The assumed rarity of hepatitis transmission by blood transfusion has been attributed to the screening of blood for markers of HBV and HCV, which has been universally applied in blood banks worldwide since 1992. However, the univariate analysis of different risk factors for hepatitis infection in the present study documented that positive history of frequent blood transfusion especially after 1992 was a significant risk factor for evidence of HBV exposure. Meanwhile, the logistic regression analysis showed that history of blood transfusion was one of the independent risk factors for HBV infection. This latter finding matches well with other published data [11]. It has been reported that despite continued improvements in the selection criteria of blood bank donors and of the applied serological tests protocol in sample evaluation, the transmission of HBV infection by blood transfusion still occurs in a proportion of cases even if the transfused blood tested negative for HBsAg using highly sensitive assays [12].

The most prevalent marker among exposed people in this study was anti-HBc (24.4%). It should be noted that false positivity is unlikely in the present work as the test was double-checked and was considered positive only if both assays clearly indicated that. Anti-HBc is the first antibody to appear following acute HBV infection and persists at high levels following resolution of infection [13]. It is a marker of acute, chronic or resolved infection and remains detectable for life [14]. The reported prevalence of anti-HBc markers among donors at blood banks varies in other published studies depending on the local prevalence of HBV, ranging from 0.4% in low-endemic areas to 70% in high-endemic areas [11,15–17].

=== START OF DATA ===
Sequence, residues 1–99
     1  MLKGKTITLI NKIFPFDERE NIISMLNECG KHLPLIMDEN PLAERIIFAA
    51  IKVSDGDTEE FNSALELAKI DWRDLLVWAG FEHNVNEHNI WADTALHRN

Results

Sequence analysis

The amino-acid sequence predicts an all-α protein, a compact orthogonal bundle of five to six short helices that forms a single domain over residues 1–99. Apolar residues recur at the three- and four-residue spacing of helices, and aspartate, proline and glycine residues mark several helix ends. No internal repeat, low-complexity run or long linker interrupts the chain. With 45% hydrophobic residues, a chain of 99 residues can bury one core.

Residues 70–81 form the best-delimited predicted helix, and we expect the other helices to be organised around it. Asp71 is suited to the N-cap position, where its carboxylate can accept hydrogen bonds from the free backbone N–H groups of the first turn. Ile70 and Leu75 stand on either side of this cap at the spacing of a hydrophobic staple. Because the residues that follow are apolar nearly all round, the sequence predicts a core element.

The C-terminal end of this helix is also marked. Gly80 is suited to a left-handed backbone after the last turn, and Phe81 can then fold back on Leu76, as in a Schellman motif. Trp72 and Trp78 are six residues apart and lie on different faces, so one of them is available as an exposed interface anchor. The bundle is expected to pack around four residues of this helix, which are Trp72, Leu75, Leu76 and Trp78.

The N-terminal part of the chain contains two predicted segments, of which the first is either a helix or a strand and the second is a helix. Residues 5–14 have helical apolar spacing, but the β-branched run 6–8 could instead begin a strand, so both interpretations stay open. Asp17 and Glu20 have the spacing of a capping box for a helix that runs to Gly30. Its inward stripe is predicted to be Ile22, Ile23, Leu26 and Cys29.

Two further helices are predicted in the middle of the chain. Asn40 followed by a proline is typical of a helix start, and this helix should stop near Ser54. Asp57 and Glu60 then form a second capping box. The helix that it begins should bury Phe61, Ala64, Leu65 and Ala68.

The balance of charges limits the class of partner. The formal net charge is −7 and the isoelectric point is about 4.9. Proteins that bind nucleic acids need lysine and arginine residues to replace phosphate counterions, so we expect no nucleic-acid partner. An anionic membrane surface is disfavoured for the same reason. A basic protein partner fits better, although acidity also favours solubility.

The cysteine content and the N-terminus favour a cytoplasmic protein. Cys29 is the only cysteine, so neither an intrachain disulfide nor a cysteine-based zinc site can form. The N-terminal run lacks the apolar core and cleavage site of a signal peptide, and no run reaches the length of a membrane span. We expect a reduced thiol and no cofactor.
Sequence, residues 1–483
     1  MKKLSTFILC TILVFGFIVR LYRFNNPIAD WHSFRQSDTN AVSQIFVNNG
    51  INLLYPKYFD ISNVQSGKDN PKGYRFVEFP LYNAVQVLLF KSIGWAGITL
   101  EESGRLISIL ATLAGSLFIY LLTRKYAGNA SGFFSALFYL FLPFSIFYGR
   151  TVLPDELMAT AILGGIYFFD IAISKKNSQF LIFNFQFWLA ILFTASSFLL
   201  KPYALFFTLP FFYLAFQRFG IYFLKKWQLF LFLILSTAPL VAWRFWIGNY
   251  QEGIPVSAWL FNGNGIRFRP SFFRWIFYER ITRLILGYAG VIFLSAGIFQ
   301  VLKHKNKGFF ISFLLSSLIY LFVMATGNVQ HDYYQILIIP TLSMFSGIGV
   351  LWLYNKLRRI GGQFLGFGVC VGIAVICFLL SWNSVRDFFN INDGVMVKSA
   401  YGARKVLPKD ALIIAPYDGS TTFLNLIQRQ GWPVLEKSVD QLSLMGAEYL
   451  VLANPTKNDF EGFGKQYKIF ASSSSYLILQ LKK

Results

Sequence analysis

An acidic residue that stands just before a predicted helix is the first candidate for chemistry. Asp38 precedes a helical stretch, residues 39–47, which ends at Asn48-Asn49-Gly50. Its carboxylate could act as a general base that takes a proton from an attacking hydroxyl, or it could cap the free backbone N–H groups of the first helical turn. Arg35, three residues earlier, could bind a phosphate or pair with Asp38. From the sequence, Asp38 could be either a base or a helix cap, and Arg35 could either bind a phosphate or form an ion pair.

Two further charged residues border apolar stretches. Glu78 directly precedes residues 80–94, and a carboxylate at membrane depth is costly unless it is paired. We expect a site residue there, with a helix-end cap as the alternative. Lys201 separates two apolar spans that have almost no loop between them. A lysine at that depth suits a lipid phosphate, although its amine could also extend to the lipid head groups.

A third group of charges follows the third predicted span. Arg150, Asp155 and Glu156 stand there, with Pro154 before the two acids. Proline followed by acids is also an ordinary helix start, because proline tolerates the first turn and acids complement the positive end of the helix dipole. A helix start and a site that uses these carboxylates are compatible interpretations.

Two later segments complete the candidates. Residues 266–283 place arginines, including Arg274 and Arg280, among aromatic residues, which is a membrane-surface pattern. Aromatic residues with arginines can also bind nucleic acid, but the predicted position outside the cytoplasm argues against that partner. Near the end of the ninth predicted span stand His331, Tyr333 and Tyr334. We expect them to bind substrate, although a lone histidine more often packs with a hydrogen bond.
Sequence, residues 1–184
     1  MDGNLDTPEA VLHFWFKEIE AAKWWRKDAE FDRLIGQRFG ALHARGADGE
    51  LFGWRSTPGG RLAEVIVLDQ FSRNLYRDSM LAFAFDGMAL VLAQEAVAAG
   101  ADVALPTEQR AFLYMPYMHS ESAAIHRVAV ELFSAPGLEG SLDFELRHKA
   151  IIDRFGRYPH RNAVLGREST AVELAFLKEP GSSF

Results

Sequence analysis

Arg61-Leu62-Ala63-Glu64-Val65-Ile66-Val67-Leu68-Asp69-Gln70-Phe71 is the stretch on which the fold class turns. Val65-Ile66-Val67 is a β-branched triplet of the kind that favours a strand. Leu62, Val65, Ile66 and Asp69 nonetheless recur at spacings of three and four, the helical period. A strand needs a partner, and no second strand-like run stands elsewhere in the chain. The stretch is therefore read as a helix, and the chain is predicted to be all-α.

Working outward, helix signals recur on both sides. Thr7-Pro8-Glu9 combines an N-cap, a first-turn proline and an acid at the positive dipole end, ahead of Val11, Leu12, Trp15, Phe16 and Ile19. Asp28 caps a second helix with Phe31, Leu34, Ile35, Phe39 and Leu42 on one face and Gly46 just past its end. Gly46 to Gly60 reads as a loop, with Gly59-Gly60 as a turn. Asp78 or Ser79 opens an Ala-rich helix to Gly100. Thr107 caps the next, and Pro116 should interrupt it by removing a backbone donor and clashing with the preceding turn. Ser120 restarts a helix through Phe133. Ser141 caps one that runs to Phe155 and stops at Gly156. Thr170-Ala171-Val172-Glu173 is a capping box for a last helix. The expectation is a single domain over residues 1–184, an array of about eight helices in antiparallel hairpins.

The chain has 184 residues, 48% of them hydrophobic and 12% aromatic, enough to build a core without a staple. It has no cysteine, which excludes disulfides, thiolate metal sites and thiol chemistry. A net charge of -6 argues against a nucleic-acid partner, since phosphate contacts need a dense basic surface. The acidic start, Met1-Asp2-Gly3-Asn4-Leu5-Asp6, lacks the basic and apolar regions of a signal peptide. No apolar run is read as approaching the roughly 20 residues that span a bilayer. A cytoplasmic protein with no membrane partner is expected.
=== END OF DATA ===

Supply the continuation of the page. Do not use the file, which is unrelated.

As the safety of blood products is one of the major issues in the area of transfusion medicine, the combined strategy of testing for both HBsAg and anti-HBc is practised worldwide and testing for anti-HBc was adopted in some areas in the world. This strategy has been found to markedly minimize the possibility of HBV transmission via blood transfusion [14]. On the other hand, it may lead to the exclusion of a significant number of donors’ blood, as reported in Brazil where high levels of anti-HBc were recorded (up to 57%) [18].